phaedrus

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Re: Lister must do's when first taken home
« Reply #34 on: September 04, 2006, 01:19:49 AM »
Delo comes in a variety of weights. Go check Chevron at: http://www.chevrondelo.com/  I'm sorry, but your guy is mistaken. Our NAPA dealer says his distributor only stocks multi and 30#, but local chevron jobber has no problem - can get drums of it!

I'd add that the use of multiweight oil in diesels is somewhat problematic.The polymers that make those oils "multi" can gum things, like rings, up badly under some conditions. And their use is unnecessary anyway - so the choice is simple and depends solely on operating environment temperature.

Delo comes is weights from 10# to 50#. I shrunk the url that leads to the chevron page dealing with this subject to this: http://tinyurl.com/o6ny5 . From there you can get adobe data sheets.
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hotater

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Re: Lister must do's when first taken home
« Reply #35 on: September 04, 2006, 05:28:28 PM »
  I learn something every day!!

NOW the question becomes-- Can I switch for multi-weight to single on all the diesels around the place?  Ford says 'no' on the PS 7.3.  Onan says 'no' on the 30 Kws and Onan says 'no' on the 15Kw....THAT means I can't talk the landlord into buying another drum of  one grade to fit all.  Drats!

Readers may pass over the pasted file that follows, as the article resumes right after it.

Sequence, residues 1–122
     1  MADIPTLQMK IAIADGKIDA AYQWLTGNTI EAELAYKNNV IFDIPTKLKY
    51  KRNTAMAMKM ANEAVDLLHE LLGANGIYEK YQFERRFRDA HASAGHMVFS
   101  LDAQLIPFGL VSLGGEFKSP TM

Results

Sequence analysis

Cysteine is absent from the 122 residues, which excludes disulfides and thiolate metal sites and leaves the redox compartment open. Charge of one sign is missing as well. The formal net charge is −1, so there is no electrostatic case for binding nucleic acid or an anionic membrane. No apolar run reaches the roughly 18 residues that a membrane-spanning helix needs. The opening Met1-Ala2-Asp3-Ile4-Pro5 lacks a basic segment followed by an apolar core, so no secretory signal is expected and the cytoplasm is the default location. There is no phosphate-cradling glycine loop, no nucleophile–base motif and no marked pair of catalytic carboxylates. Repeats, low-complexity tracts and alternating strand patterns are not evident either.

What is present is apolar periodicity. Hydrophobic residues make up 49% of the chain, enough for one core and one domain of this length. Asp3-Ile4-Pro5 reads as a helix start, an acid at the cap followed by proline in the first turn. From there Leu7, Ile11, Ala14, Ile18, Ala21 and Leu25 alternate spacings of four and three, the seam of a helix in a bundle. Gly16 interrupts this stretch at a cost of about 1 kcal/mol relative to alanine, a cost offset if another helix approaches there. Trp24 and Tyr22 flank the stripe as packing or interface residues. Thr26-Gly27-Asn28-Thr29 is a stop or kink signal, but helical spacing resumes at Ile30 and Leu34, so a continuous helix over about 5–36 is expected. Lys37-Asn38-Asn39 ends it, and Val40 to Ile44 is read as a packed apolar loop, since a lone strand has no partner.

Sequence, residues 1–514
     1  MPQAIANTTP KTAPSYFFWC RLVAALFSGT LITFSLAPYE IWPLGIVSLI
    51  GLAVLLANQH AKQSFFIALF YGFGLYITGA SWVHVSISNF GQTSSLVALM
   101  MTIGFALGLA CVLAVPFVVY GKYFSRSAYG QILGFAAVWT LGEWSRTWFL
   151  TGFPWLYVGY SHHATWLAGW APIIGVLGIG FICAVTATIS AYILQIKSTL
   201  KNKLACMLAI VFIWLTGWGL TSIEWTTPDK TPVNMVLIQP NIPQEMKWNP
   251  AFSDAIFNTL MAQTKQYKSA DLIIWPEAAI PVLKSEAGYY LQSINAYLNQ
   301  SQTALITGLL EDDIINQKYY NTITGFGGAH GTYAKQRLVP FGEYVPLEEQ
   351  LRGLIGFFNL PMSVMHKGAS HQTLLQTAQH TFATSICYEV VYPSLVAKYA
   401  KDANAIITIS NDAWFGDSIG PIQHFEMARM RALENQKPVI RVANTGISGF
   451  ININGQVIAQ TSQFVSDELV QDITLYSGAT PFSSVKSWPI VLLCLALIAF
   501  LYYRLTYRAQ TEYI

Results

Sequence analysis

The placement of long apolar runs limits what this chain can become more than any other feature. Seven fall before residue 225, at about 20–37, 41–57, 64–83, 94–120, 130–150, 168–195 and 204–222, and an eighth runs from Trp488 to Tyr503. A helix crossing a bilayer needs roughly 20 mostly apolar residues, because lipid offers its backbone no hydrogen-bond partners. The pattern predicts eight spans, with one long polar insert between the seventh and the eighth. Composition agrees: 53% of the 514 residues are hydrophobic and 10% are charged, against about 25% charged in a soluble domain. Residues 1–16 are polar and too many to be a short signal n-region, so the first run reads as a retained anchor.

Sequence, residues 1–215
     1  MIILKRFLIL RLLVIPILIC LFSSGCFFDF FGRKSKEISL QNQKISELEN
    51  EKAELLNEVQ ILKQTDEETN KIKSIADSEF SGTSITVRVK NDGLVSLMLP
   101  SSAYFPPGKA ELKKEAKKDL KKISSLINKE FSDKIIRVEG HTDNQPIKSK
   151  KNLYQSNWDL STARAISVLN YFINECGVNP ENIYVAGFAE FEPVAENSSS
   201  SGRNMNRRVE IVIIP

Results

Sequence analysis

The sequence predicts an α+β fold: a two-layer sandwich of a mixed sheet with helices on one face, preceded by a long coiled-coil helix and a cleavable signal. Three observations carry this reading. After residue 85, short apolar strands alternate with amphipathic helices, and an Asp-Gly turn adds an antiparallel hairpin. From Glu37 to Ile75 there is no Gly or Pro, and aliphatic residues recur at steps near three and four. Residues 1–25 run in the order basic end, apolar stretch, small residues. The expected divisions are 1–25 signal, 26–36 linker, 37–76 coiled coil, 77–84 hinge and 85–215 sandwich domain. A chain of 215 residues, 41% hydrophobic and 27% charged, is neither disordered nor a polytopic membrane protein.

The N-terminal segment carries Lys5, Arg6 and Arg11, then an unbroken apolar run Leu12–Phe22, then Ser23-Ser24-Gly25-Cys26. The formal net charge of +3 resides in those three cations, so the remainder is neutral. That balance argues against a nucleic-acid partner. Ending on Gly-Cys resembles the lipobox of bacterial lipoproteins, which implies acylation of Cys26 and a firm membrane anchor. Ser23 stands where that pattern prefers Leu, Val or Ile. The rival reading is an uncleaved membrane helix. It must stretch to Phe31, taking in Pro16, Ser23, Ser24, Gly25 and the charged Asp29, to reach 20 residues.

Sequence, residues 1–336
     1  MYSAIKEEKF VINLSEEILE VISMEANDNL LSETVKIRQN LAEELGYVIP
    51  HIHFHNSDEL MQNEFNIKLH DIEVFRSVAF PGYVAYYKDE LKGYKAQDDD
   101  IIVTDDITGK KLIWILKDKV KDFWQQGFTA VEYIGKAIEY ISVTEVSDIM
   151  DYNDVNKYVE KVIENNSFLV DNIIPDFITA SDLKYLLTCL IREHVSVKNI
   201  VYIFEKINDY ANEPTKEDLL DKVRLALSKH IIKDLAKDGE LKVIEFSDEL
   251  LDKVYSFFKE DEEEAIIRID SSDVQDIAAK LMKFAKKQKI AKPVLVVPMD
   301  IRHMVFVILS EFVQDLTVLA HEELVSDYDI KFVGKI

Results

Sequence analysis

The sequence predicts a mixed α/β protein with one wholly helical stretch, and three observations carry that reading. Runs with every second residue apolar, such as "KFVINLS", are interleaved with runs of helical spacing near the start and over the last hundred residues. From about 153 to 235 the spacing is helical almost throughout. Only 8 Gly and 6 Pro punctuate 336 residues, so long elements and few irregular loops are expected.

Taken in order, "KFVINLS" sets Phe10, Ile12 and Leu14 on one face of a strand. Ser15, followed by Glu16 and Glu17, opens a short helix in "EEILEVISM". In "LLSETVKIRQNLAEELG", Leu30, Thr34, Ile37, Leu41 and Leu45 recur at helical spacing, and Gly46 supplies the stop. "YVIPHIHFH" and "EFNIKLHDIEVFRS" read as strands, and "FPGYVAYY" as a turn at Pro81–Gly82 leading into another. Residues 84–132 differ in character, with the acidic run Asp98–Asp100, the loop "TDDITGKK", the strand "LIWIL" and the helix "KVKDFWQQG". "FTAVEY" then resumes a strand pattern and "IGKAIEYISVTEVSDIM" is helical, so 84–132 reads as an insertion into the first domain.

7200 hrs on 6-1/5Kw, FuKing Listeroid,
Currently running PS-Kit 6-1/5Kw...and some MPs and Chanfas and diesel snowplows and trucks and stuff.

phaedrus

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Re: Lister must do's when first taken home
« Reply #36 on: September 04, 2006, 07:26:49 PM »
We use delo 400  SAE 40# in toyota corolla, 7.3 FORD diesel, kubota diesel tractor, kubota genset, and GTC (lister type) 6 - 1 diesel generator, and several portable gas engines driving compressors, garden tractors, etc. This complies with the mfg SAE spectification in the case of some, but not all of these engines. It does comply in ALL these engines with the mfgs API specification. This is because muliweight oils are specified for the corolla, for example, in order to get better milage. The oil consumption is much  lower with 40# oil than with multi, especially in the toyota, and we have had no problems with lubrication.
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hotater

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Re: Lister must do's when first taken home
« Reply #37 on: September 04, 2006, 07:36:12 PM »
thanks for the info....you reckon it would work at twenty below??
7200 hrs on 6-1/5Kw, FuKing Listeroid,
Currently running PS-Kit 6-1/5Kw...and some MPs and Chanfas and diesel snowplows and trucks and stuff.

aqmxv

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Re: Lister must do's when first taken home